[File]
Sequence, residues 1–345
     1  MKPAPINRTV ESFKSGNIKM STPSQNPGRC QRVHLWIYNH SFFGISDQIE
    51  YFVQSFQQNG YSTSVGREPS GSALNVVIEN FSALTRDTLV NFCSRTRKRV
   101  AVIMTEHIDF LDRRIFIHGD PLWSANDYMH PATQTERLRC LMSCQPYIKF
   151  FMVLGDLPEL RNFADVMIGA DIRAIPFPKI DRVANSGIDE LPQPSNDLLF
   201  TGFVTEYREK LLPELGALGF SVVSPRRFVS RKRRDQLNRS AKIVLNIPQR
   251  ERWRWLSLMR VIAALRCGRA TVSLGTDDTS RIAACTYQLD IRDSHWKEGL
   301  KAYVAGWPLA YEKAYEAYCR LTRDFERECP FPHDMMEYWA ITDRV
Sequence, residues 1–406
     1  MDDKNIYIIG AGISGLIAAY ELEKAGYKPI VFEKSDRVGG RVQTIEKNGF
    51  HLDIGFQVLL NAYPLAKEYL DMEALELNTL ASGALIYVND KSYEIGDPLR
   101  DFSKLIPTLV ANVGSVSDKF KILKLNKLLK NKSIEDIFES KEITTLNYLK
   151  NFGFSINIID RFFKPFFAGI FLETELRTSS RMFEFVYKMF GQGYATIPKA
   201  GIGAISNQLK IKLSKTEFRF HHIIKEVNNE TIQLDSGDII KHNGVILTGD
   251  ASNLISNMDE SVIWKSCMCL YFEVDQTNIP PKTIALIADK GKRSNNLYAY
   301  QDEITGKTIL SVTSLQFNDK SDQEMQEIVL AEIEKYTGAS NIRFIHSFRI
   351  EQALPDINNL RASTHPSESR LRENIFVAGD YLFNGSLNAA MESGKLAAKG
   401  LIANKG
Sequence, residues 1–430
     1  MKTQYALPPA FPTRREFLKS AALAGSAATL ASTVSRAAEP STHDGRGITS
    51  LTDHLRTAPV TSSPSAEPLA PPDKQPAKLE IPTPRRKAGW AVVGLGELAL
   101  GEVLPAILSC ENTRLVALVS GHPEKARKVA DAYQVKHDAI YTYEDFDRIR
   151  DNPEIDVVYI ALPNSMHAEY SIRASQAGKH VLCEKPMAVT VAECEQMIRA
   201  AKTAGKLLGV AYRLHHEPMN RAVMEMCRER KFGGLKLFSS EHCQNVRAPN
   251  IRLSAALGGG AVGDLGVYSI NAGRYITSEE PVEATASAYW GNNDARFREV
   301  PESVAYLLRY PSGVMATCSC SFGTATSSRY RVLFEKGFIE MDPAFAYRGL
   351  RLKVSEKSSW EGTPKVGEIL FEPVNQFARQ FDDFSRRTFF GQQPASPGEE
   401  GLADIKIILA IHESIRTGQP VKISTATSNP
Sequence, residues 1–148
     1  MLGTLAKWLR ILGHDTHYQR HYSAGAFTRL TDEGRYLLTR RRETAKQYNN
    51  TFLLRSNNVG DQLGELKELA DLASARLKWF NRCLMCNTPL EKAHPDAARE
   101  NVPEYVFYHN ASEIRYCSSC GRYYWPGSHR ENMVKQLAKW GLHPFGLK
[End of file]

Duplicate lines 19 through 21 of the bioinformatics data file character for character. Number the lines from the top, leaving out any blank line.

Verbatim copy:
Sequence, residues 1–430
     1  MKTQYALPPA FPTRREFLKS AALAGSAATL ASTVSRAAEP STHDGRGITS
    51  LTDHLRTAPV TSSPSAEPLA PPDKQPAKLE IPTPRRKAGW AVVGLGELAL